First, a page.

Thursday, July 12, 2012

Feminism vs. Tropes vs. the Internet

I'm going to start this blog off stating the obvious that is being ignored: Life is recursive, repetitive, and is filled with patterns. And people seem to like the recurrence of certain motifs and themes in story telling. And yes, I can fully agree that some of these are pretty sexist and send the wrong messages to our youth, but that doesn't mean all of it is.

Before I go any further, I want to make it clear that it's not OK to treat someone with an apposing view uncivilly. It's not OK to make a video game where you virtually beat in the face of the feminist blogger / YouTuber you disagree with, and it's not OK to threaten and harass people just because you can get away with it. Specifically, I'm talking about the way Anita Sarkeesian has been treated. It disgusts me. Here you are wanting to prove that you're not misogynists by acting misogynistic. And outside of being tactless hypocrites, it's just stupid. No one should listen to anything you have to say on the matter.

Now, I remember seeing her videos and dismissing them mostly because I found them annoying. The narrative was very monotonous, and her points were so redundant and belabored. I also highly question the use of the word trope. I'd say her issue is mostly with cliches — which I also have an issue with, however, the revealed connections with sexism seem forced.

For instance, she claims to have a problem, in fiction, with women using their sexuality to lour men to their doom. On the flip side, how many times are introverted, intelligent men portrayed as creeps, serial killers or stalkers? A lot of writers are flying on autopilot, and I can agree that they're churning out crappy stuff. But I think it has less to do with sexism and more to do with the public's obsession with microwaveable entertainment. They just want stories and characters they can instantly identify and understand — no deep thought required.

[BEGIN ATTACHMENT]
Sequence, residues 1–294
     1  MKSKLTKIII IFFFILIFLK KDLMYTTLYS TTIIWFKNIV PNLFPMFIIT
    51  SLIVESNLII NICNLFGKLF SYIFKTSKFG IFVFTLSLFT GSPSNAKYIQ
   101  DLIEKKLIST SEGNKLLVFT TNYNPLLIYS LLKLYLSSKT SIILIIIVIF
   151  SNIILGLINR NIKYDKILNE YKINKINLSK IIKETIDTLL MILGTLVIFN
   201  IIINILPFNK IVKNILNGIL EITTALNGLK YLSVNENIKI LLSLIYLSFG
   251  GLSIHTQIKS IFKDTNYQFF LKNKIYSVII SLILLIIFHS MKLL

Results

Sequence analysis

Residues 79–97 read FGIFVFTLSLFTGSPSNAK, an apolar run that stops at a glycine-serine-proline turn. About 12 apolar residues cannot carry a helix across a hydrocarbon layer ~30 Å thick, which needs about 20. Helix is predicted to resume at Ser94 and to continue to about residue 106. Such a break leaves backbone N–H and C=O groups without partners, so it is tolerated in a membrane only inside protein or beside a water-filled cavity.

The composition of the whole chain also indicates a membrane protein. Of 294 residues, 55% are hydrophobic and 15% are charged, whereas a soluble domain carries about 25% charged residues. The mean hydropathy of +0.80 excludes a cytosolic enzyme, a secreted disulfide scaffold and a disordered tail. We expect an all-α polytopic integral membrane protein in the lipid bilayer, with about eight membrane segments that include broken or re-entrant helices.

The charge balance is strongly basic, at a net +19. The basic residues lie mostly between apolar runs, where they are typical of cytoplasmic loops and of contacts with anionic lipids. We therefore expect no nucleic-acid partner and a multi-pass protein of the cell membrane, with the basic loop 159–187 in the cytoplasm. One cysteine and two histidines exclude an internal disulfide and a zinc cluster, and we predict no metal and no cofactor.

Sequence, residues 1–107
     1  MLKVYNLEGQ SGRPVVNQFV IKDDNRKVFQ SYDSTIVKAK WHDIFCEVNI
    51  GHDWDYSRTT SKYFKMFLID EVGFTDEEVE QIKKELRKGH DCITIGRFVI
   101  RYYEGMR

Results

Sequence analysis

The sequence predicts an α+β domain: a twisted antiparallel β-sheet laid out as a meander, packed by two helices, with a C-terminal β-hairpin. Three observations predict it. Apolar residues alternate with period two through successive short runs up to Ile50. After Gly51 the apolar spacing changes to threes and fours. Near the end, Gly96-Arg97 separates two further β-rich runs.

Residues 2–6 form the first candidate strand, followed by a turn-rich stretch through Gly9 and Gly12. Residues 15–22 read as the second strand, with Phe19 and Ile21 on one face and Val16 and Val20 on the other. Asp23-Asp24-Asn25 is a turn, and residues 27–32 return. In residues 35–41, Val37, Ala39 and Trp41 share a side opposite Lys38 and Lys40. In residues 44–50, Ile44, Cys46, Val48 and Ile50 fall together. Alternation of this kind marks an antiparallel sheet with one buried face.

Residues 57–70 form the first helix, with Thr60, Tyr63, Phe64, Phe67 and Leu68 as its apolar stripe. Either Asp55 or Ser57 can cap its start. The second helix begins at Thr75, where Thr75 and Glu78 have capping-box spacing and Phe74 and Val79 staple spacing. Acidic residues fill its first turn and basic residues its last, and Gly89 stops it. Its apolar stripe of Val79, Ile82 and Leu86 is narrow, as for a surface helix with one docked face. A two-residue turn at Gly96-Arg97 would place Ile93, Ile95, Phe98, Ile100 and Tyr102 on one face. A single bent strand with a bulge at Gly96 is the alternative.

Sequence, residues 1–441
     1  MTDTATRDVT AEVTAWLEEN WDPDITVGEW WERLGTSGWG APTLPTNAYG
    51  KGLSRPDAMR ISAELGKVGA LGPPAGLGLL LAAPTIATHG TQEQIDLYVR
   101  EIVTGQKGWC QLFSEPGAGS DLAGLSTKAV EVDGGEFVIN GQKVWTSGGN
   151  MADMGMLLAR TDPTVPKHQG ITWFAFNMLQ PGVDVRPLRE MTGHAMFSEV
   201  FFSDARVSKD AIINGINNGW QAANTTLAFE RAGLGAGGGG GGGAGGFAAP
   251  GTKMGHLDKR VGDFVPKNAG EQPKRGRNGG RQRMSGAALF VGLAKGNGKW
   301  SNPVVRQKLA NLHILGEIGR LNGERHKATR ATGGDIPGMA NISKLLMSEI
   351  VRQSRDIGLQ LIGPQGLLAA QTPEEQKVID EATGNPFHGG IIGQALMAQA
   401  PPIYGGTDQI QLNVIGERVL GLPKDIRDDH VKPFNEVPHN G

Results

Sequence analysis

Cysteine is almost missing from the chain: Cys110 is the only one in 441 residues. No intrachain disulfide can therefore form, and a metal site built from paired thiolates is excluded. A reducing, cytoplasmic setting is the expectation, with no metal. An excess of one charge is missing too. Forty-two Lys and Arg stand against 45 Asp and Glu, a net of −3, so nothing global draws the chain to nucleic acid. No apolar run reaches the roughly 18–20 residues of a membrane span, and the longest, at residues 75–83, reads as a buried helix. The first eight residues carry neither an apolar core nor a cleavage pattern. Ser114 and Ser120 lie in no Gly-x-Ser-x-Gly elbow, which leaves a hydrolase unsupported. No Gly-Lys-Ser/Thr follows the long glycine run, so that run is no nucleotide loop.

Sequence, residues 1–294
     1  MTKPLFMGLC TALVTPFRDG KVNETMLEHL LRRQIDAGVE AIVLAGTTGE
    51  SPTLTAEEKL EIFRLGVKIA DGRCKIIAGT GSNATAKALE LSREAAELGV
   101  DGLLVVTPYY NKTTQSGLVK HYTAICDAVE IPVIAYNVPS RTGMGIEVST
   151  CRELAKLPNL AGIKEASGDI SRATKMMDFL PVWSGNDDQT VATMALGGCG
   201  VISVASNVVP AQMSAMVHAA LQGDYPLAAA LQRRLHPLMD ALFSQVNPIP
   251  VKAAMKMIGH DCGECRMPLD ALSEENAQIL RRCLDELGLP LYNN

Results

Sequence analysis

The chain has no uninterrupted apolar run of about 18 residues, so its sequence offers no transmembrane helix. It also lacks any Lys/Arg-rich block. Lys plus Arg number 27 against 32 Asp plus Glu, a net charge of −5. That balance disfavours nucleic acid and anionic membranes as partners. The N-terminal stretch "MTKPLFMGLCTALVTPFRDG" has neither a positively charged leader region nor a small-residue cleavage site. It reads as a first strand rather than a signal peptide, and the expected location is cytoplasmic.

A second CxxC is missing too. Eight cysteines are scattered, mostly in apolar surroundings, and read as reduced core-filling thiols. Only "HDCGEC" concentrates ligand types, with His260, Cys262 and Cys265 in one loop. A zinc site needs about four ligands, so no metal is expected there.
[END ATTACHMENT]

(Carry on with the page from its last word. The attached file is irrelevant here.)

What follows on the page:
But there is genuine sexism in all creative mediums. And I don't think it's a lost cause speaking out against it; video games being one of the worst example of this. It seems like the goal of many companies is to give their target audience, males between 12-25, constant boners, which I do find pretty creepy. And it's a trend that seems to be getting more extreme as video games evolve and our moral zeitgeist continuously shifts toward sexual carelessness.

However, this puts me into a position where I have to question the end game. We live in a flawed world because people are flawed. Stereotypes exist because people want to act the same way. Art is an imitation of life. It would definitely be a good thing to back away from the shallow side of things. And I can get behind that sort of movement, but that's not what these feminist arguments are about.
This is about the media influencing the way we view women. And I don't see it occurring on the levels described in the "Tropes vs Females" videos. I don't see a weak female character as representing all of womankind. I don't see an evil seductress and think seduction is evil. And I don't think most people could read that much depth into a character or even subconsciously absorb these alleged sexist allusions within various cliches. And this feminist premise needs to be proven to compel me, or anyone else, into thinking that Starbuck getting her ovaries harvested by Cylons was sexist writing.

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